The latest victims in the bed bug war: the Guardian student paper at Wright State reports on 10/4/2006 that students in Meadowrun Apartments, a student apartment building in Dayton, have had their entire building treated for the pests. It is good that the whole building was treated. But I have some questions about how well the people involved know their enemy.
Dan Bertsos, Director of Residence Services, outlined how he felt students could prevent infestations:
“Good hygiene is always important. If students’ bedrooms at home are not well kept, and they just grab everything and bring it to campus without washing their laundry, we could have a bed bug infestation here,” Bertsos added.
Well, there’s some truth in the fact that laundering is an important part of treating bed bug infestations, this makes it sound like bad hygiene leads to bed bugs. Not so! Bed bugs are a parasite. Anyone with blood can catch them, and “normal” hygiene practices are not enough to prevent them, or enough to fight them. If the students had them at home, it was not because they were sloppy. It is simply a parasite and it needs to be treated. (And you can catch it in a 5-star hotel, or from your rich neighbors, as well as in a flea-bag motel or in a hostel.)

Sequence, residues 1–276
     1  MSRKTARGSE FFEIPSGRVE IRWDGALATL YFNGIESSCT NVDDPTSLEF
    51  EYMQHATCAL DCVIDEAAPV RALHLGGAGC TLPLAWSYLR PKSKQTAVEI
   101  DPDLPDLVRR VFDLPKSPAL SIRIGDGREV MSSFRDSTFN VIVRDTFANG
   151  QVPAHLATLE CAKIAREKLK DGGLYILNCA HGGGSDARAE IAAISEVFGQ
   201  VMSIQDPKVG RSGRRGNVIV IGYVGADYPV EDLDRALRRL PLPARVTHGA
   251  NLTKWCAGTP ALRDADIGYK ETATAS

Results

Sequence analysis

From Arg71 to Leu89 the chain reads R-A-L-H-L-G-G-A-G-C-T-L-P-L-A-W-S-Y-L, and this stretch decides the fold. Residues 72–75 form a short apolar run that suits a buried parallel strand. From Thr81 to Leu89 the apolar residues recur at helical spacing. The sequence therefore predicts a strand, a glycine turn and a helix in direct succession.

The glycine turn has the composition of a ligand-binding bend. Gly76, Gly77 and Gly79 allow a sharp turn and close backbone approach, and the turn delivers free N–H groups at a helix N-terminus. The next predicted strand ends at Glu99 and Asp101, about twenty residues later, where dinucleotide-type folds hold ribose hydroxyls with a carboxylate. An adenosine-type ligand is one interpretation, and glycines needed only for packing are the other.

I was glad to read that students were asked to launder all their clothes, but it does not sound like the authorities there are very informed about just how extensively a bed bug victim needs to clean their space. In addition, it does not sound like the students knew how to act after the infestation.
For example, simply laundering clothes is not enough. The clothes need to be kept in airtight bags until treatment is completed. Otherwise, when the exterminators come again, which they most likely will have to, students will have to wash everything again. And as we know here at Bedbugger, washing isn’t enough. Everything must be washed on the hot setting, and dried on the hot setting; anything that can’t be washed must be dry cleaned. The cleaners must be told the materials may contain bed bugs. And so on.